Napoleon Hill’s Failure – Identifying Your Turning Points — Part 1 of 2

While I do not mean to convey the impression that I believe all of our acts to be controlled by causes beyond our power to direct, yet I strongly urge you to study and correctly interpret those causes which mark the most vital turning-points of your life; the points at which your efforts are diverted – from the old into new channels – in spite of all that you can do.  At least refrain from accepting any defeat as failure until you shall have had time to analyze the final result. – Napoleon Hill

This is one of the funnest things to do in analyzing where you were and where you want to go.  Remember Steve Jobs said, “you can never connect the dots looking forward, only backwards.”  This is imperative and here’s what I came about with my turning points…I’m going to separate this into two podcasts and two blogs so not saturate everyone with so much information.

First Turning-Point: Bad Money In Chanthaburi.

My first job I got only 600$ USD a month, which is about 18,000 baht.  This salary, for any native English speaker, is downright criminal.  I wasn’t at the top of my game, but I was fresh in the world of teaching.  After being ridiculously threatened, berated, constantly scrutinized and talk badly to, receiving despicable looks from the parents because I was color, piss-poor working conditions and a bunch of empty promises – I had to make a massive financial decision.  My savings was plummeting and I was going to go 60 days without pay from October-November.  What did I do? I had to do what was in the best interest of me versus what other people wanted.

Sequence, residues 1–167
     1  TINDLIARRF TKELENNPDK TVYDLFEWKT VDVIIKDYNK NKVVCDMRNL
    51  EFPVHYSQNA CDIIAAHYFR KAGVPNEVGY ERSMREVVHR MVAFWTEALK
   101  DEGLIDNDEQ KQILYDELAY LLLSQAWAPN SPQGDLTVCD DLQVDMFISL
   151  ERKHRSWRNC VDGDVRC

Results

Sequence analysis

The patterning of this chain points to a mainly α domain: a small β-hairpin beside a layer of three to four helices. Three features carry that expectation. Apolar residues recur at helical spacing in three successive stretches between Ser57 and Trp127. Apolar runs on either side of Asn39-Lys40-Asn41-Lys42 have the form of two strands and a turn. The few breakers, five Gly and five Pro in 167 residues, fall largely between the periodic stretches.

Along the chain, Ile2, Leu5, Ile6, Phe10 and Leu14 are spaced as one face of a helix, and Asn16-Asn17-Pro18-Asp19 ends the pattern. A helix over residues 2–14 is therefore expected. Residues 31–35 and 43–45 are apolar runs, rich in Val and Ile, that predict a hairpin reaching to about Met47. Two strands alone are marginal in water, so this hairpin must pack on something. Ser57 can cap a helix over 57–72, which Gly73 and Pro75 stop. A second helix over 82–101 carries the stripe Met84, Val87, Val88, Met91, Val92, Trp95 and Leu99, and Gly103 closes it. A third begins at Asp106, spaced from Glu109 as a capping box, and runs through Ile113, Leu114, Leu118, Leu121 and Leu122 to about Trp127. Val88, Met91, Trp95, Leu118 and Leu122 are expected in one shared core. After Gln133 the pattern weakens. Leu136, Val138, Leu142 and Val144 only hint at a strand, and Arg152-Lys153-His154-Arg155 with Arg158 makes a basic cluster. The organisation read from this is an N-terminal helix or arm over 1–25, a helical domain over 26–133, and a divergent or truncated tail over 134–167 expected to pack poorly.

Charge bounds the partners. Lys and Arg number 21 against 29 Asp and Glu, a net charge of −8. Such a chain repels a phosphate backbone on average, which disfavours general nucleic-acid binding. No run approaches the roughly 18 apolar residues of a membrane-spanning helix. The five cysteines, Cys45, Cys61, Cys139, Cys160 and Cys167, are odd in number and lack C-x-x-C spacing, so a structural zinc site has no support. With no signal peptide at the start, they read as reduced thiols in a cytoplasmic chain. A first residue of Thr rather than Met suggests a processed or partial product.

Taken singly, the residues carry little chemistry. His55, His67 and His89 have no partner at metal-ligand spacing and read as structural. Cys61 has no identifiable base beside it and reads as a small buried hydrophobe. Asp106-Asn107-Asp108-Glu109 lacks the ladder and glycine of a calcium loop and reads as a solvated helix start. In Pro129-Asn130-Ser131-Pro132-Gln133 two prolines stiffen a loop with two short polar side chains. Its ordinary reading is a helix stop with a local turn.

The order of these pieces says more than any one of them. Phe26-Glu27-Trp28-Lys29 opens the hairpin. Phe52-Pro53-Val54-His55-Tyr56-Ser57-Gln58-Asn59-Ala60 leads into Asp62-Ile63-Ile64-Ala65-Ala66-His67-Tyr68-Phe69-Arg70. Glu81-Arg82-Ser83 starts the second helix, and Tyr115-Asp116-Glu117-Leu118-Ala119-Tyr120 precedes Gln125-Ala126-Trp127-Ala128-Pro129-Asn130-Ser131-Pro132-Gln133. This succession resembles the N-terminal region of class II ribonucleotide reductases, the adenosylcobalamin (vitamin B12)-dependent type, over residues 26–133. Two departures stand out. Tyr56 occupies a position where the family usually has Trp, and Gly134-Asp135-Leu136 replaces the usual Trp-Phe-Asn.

Second Turning Point: 10$ To My Name – Made An Oath

After trekking down to the south of Thailand to continue my teaching, I was hit with a financial disaster.  Having agreed to a 1000$ USD amount per month (which puts me in the top 50% of Native-English teachers in Thailand) I didn’t get paid for the month of October.  In saying that, November was going to be a very difficult; if not, the most difficult financial month of my life.  After borrowing money from my department head to last me for the month, I made an oath to myself: “I will never be this broke again.”  Having only 10$ to my name was one of the scariest moments of my entire teaching career here in Thailand.  10$! I had to do two-week visa runs because I didn’t have a visa or work permit; no family willing to transfer me money; no friends around to help me out; NOTHING! After finally getting a lump sum of money, I rejoiced and I never looked back.

Third & Fourth Turning Points Are In The Podcast Down Below.

Ask yourself the question, “have I overcome financial hardships? And when I did, did I improve on my life?”

 

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